Esplanade Concert Hall
For this concert conducted by its Music Director Shui Lan, the Singapore Symphony Orchestra dispensed with the usual overture or suite as curtain-raiser and went straight to the concertante works. The soloist was SSO principal cellist Ng Pei Sian, who got straight down to performing Sang Tong's Fantasy For Cello & Orchestra.
Sang (1923-2011) was the nom de plume of Zhu Jingqing, a former president of the Shanghai Conservatory and pioneering modernist composer in the manner of the Second Viennese School. His atonal works were destroyed by the Red Guards, and what remained included this rather unthreatening Fantasy of 1950, which evokes the same feelings of passion and oriental nostalgia as in the much better known Butterfly Lovers.
Ng gave as much he could in its 10 minutes of elegiac thoughts alternating with lively folk dance material, which in no way outstayed its welcome. Sufficiently warmed up, this served as a prelude to Edward Elgar's Cello Concerto in E minor (1919), which was the English composer's last great work. Scarred and tormented by the wholesale slaughter of the First World War, this was his idea of a requiem without voices.
Despite his relative youth, Ng has the full measure of its catharsis, translating into playing of depth and true soul-searching. His opening solo was an impassionate and prolonged sigh, echoed by the darkly-shaded violas and soon the pall of grief descended. Despite that, nowhere was the playing made to sound lugubrious. And when feathery lightness was called, albeit briefly in the Scherzo, the emotions were muted but the pain still keenly felt.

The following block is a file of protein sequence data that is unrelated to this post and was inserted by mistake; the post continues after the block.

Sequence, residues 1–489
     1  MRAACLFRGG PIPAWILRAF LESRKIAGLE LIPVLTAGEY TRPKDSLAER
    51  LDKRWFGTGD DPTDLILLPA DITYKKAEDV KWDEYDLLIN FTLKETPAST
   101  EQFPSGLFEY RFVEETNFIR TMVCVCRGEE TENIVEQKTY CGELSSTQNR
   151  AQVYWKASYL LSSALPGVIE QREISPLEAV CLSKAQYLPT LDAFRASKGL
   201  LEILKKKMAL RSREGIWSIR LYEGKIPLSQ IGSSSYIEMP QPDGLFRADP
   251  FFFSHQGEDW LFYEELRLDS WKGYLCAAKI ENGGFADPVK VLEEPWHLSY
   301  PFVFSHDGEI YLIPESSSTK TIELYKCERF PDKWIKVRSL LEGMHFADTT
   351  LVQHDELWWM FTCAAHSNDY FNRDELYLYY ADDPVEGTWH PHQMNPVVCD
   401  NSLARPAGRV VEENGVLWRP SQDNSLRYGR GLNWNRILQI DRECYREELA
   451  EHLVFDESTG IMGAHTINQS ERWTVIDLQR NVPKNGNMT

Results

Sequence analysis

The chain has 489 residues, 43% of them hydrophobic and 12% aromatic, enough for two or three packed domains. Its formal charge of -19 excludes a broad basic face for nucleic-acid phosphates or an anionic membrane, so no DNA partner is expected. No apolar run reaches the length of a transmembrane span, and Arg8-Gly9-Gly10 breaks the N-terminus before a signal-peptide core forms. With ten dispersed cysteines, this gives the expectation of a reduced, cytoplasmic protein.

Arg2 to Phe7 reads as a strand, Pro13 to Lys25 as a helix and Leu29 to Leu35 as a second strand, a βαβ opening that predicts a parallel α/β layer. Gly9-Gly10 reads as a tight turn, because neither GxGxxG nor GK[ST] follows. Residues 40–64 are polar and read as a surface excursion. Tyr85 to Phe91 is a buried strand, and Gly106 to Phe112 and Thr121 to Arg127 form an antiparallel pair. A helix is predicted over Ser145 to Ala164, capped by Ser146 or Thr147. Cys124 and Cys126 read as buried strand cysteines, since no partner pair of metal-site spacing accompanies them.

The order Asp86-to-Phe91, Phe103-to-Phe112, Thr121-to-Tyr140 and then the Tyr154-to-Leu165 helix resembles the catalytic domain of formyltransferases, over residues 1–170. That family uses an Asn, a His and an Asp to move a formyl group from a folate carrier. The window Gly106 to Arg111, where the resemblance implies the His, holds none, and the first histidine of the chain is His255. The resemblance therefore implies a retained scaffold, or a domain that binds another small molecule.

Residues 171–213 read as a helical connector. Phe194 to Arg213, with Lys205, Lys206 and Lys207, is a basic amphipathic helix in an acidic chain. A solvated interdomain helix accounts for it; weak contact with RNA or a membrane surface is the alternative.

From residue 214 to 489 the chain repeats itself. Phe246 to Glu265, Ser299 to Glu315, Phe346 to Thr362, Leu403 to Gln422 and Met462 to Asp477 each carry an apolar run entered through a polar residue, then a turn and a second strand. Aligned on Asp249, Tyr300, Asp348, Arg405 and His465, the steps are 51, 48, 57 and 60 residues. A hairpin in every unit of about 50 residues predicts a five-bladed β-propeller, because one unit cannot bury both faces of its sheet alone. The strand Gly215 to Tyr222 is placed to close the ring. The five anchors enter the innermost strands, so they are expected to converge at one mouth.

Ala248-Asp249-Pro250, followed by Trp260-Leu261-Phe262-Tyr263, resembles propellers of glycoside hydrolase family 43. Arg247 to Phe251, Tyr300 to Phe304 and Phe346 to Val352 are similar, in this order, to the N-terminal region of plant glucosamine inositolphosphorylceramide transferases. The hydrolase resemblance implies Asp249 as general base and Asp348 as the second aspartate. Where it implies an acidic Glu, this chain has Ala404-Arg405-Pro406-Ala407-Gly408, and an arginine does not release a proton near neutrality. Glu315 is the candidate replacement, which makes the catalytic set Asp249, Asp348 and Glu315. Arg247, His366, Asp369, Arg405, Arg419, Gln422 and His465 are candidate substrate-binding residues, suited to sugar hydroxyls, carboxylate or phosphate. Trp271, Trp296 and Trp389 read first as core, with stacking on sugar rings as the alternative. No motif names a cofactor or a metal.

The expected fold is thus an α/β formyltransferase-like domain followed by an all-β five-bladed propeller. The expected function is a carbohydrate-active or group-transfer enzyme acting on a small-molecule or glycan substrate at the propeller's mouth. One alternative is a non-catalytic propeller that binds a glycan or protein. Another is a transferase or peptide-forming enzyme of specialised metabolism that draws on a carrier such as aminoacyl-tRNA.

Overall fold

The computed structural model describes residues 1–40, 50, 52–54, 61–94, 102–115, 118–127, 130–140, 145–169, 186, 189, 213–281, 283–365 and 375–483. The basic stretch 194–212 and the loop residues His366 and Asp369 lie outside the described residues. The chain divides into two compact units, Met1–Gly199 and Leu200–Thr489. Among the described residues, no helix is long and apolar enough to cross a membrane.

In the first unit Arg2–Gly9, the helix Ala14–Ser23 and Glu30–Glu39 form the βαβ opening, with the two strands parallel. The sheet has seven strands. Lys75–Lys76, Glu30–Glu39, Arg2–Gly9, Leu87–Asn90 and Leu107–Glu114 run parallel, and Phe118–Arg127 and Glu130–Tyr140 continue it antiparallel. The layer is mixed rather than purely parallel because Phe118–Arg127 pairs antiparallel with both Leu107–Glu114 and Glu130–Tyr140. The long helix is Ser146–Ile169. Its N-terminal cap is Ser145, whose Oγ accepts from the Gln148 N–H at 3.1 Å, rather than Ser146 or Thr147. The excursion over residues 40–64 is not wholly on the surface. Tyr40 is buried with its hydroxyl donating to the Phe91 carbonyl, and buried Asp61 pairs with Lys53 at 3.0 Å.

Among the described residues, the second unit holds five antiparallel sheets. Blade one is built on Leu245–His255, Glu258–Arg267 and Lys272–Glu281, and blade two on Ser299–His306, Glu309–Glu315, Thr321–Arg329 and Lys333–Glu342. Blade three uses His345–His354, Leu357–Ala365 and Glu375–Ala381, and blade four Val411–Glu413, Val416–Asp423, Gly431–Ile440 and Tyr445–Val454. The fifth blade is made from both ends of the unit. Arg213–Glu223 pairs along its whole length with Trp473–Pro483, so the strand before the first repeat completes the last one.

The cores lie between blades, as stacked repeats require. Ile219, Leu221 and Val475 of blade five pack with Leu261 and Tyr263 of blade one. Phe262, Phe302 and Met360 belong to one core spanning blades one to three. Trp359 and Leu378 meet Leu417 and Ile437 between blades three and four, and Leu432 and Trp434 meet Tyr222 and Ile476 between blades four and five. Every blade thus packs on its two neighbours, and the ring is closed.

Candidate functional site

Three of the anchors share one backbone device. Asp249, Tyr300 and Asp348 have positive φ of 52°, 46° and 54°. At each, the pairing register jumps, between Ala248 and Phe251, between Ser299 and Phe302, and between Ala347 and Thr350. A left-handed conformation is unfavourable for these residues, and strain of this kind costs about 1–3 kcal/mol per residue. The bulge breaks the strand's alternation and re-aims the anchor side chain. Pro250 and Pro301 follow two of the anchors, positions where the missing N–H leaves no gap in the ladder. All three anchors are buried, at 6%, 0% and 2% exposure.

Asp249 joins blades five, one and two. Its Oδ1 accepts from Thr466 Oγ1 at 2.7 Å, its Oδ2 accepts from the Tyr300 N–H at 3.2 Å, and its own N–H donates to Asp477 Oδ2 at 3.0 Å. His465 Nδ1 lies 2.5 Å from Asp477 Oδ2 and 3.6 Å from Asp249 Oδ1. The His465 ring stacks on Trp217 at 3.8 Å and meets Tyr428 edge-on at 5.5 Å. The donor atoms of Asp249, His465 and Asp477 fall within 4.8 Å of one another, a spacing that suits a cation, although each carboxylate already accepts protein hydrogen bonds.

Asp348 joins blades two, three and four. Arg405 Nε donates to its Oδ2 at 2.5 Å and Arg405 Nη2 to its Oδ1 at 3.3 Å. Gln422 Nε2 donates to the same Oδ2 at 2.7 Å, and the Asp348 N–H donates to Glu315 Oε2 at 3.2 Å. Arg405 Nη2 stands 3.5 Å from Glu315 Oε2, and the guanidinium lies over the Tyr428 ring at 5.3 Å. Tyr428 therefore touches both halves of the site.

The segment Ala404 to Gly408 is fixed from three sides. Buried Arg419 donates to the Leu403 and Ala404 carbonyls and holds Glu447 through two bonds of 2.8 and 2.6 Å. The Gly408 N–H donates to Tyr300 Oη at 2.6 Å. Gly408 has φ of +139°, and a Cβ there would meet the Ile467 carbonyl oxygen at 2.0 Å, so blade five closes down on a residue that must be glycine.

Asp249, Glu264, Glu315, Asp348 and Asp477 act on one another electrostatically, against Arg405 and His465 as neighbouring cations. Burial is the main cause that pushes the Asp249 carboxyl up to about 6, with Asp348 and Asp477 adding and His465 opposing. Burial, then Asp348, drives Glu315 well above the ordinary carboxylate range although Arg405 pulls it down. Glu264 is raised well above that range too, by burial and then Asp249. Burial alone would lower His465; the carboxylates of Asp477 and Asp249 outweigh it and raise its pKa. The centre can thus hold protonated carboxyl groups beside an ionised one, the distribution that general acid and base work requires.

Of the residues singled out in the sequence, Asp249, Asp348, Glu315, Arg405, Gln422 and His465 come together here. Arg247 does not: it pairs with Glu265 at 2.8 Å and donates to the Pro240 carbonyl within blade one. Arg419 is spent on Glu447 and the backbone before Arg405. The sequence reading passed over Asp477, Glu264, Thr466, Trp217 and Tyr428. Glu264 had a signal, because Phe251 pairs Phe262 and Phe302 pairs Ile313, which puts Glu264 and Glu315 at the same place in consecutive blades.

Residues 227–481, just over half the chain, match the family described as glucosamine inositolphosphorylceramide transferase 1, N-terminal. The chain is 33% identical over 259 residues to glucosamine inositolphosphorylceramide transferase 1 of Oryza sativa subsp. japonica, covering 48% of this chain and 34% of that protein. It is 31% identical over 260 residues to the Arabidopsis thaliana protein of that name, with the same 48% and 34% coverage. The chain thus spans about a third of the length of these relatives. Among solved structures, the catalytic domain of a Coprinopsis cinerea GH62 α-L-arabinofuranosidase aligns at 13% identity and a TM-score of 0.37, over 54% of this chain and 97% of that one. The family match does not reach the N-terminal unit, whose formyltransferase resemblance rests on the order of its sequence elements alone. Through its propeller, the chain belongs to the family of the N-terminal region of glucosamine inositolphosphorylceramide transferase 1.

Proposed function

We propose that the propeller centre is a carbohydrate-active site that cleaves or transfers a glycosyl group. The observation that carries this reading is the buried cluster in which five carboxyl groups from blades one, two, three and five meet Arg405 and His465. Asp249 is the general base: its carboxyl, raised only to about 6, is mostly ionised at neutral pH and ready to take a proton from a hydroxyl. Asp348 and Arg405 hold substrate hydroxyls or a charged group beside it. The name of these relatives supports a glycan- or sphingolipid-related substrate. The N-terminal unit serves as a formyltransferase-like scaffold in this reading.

This built up to an emotional high in the Adagio, where the full-throated oration of Ng's 1764 Giovanni Marchi cello reached its zenith. The final march was all the more poignant when the first movement's lament returned, now with a devastating finality as Ng slid to the recesses of the cello's bottom register. The encore featured a third consecutive elegy, Gabriel Faure's famous Elegie with Ng accompanied by seven cellists from the section he leads. It was a moving moment of cello camaraderie and intense music-making.
Now, what the concert needed was a lift from the doom and gloom, and a spring in its step. That duly arrived in Schumann's First Symphony, nicknamed the Spring Symphony, directed from memory by conducted Shui. Those who decried Schumann's orchestration as poor may have to revise their opinion as this was an exhilarating a performance as one could get.
Tempos were brisk, as expected from Shui, but without sacrificing orchestral details. The opening fanfare sounded definitive, and the slow introduction melted away into an energetic Allegro. Never sounding harried or hectic, the fresh sprouts had sprung into life and carried on vitally through the rest of the work.
The slow movement unfolded majestically like some Beethovenian Adagio, but that did not tarry for long as the ensuing Scherzo and joyous finale erupted with an irresistible energy. Even amid the good-natured rowdiness, one would not have missed the French horn chorale answered by Jin Ta's solo flute cadenza near the end that was lovingly shaped. It is these nuances that separate a great performance from a merely good one.